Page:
Womens Racquetball

Staying Active Remains Beneficial as You Age

I meet a few friends every week for lunch or coffee to see how everyone is doing. We are all retired and like the idea that we are still active and have a “to do list” to keep us busy. The only difference is that there is no time limit for making the “to do list”. We always have tomorrow. There are conversations that recall some of the activities we did in our youth. Some of the activities came back to remind you that the joint or muscle you injured when you were young still hurts today. Not as bad as when we first hurt ourselves, but a little soreness here and there – especially early in the morning when we wake up.

We sometimes wonder if now that you know the end result of these activities that we have participated in and perhaps put a stress on the body, would we change anything. I have yet to hear any of these seniors want to change anything they did growing up. Some of the activities were downright silly and presented possible danger. Jumping from the roofs of buildings, swinging from tree branches, contests to see who could jump the farthest from a high swing, be a daredevil on a bike and jump ramps, and play football without pads or helmets to to name just a few.

Many seniors practiced a variety of sports or activities. The practice of specializing in a sport was not yet a popular practice. Looking at the activities I’ve played, it’s a long list. I’ve never been outstanding in any sport other than weightlifting, but I’ve tried any activity. Baseball, softball, football, track and field, basketball, tennis, wrestling, gymnastics, scuba diving, springboard, swimming, racquetball, golf, handball, bodybuilding, l weightlifting, powerlifting, boxing, judo and marathon are all on the list. Have I suffered any injuries while doing all of these activities? Of course I did. Falling from a high bar in gymnastics, playing football without a face mask or padding in the helmet, collapsing on your stomach learning a new dive, being dragged into the mat headfirst in wrestling, and learning to hit the mat without getting hurt after being thrown into it judo is all on the list.

At lunch this week I was talking to an old friend and he mentioned a new perspective of being active in all of these activities. Maybe it’s because our group was so active and did so many activities and sports that’s why we can still move quite well at this advanced age. I have two T-shirts with fitness logos on them. The first is: “We don’t stop playing because we got old, we got old because we stopped playing. The other logo is: “If we don’t take care of our bodies, where will we live?” When the subject returns to when you stopped being active, we were all in our 60s or 60s before giving up certain sports. Walking seems to be the most popular activity right now. Weightlifting is done with lighter weights and often the resistance is a bag of raked leaves or chopped firewood. Bike rides are now in the neighborhood instead of going out on county roads. Bathe in a swimming pool where the temperature of the water is warmer than that of the river. The activity is still there, but tweaks have been made to accommodate less force, slower reactions, and a much wiser sense of knowing that some activities aren’t meant for older bodies. More football tackling and more pickle ball.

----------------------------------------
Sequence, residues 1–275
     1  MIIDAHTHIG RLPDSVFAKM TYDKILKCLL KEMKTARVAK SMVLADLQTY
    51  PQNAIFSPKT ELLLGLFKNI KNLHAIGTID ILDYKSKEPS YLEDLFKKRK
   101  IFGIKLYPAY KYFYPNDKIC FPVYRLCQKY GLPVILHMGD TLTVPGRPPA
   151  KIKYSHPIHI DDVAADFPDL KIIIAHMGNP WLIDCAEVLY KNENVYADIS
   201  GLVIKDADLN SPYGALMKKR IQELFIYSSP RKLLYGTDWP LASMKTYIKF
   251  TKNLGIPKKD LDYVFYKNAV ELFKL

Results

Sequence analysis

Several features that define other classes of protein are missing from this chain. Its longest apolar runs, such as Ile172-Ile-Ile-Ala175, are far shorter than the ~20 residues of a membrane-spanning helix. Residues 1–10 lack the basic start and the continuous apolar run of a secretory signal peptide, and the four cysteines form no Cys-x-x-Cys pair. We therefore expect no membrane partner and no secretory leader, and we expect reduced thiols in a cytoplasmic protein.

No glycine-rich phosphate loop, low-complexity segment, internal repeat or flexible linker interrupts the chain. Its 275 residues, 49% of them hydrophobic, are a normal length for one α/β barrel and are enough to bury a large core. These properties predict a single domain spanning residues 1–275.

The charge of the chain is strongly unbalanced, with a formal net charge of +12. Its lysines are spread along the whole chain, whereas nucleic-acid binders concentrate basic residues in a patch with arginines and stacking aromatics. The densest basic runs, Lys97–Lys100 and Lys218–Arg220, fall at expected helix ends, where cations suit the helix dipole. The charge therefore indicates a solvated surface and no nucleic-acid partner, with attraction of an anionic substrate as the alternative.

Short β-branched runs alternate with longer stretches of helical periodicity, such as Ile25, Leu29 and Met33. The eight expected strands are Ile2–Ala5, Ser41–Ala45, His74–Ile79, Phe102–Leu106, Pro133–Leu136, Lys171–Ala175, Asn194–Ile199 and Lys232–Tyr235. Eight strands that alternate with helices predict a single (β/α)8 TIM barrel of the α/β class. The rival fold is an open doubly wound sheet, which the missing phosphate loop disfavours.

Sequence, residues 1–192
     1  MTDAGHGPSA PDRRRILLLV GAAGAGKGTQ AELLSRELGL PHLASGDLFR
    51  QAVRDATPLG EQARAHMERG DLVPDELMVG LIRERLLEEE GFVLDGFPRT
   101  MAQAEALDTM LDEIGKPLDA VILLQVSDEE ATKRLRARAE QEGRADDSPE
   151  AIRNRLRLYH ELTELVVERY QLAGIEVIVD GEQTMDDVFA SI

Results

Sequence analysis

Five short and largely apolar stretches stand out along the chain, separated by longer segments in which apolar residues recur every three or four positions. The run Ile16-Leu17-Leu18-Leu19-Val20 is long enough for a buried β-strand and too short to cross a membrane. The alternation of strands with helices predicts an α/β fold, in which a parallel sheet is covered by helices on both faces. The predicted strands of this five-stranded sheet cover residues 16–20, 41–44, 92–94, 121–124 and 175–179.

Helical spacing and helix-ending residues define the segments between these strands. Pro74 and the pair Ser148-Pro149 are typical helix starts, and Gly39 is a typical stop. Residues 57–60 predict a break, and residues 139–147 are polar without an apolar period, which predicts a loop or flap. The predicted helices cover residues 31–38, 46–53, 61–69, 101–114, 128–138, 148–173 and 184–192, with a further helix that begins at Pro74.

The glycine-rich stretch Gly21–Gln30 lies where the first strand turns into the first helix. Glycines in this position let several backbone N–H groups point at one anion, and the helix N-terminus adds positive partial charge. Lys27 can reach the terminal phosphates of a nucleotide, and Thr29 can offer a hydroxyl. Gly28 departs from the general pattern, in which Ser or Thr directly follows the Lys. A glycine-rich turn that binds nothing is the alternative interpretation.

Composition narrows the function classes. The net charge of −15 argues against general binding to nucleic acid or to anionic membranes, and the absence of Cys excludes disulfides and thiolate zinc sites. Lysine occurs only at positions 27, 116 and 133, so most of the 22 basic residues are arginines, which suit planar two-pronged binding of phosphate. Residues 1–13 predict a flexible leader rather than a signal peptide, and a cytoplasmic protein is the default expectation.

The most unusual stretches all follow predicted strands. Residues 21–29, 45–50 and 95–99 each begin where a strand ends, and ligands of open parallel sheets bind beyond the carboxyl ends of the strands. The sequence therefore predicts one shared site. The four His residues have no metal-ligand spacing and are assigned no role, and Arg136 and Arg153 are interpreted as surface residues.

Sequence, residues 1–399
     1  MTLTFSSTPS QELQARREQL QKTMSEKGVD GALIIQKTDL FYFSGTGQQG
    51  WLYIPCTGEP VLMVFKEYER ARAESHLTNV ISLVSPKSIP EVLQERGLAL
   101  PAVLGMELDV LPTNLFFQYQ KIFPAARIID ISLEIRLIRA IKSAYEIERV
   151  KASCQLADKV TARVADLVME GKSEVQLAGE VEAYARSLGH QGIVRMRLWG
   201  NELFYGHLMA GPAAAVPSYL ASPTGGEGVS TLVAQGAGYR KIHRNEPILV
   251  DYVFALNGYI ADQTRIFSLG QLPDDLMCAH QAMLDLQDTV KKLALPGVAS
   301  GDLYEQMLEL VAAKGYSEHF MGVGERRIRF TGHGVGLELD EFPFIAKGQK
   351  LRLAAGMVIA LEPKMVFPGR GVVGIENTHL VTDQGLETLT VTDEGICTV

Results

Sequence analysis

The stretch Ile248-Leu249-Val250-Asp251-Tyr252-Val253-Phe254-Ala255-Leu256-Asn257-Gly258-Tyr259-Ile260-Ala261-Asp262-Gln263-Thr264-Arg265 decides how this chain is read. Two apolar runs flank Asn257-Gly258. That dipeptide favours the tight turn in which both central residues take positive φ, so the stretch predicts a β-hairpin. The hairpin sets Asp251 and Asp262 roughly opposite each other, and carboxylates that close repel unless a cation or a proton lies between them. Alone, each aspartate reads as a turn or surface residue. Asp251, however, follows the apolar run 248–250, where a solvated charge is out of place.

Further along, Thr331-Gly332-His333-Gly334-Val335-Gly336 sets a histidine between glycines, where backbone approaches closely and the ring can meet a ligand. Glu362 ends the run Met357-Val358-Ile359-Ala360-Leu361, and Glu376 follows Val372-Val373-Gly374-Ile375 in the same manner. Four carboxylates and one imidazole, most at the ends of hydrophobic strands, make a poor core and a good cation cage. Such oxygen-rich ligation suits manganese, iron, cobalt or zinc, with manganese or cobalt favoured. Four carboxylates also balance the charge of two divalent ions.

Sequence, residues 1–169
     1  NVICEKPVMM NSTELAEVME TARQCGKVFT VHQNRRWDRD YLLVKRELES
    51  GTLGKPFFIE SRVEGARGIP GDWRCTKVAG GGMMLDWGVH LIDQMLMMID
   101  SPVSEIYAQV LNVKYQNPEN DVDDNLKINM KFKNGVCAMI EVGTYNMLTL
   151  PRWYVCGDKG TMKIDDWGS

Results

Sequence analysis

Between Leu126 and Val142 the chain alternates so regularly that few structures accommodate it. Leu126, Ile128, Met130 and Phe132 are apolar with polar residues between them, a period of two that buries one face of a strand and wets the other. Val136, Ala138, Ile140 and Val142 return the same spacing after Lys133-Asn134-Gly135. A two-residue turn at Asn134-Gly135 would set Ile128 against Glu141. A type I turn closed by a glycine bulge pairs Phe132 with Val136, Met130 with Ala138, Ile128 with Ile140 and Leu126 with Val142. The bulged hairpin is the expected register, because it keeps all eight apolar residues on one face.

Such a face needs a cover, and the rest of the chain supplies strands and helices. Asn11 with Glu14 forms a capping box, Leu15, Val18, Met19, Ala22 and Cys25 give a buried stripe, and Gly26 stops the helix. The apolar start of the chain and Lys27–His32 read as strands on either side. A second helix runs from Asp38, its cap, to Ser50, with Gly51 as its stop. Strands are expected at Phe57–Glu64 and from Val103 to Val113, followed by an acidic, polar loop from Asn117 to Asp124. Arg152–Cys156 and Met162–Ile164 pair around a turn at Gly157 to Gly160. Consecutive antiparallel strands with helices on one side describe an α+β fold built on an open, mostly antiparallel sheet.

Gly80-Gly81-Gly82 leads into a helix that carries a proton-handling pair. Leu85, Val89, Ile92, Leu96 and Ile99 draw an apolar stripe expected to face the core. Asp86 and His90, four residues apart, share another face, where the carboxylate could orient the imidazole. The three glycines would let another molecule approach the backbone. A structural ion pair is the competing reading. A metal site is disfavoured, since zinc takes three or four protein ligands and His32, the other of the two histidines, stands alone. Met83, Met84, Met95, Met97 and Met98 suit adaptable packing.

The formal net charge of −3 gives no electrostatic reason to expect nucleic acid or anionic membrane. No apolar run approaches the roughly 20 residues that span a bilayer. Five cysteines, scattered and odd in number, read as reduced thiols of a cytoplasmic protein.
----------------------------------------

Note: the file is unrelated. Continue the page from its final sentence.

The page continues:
I always help out with a lot of road races here in San Marcos and one thing I notice is the number of entrants of runners in the 50 and 60+ age groups. There are some outstanding senior runners who can still run a fast time in a 5k race. These runners never stopped long enough to let old age slow them down. It’s good to see how many women in the upper age brackets are still active in road racing. Some run the distance, but most of them still run for an age group prize.

The age groups that seem to have the fewest runners are the youngest. Maybe they are active in other sports, but it seems that too many of them enjoy video games. It pays to be physically active as you age rather than finding out that you have to start being active to improve your health when you’re older. The old habit of slowing down when you turn 40 no longer holds true if you stay active from that young age into older ages. Maybe after 70 you can start to slow down.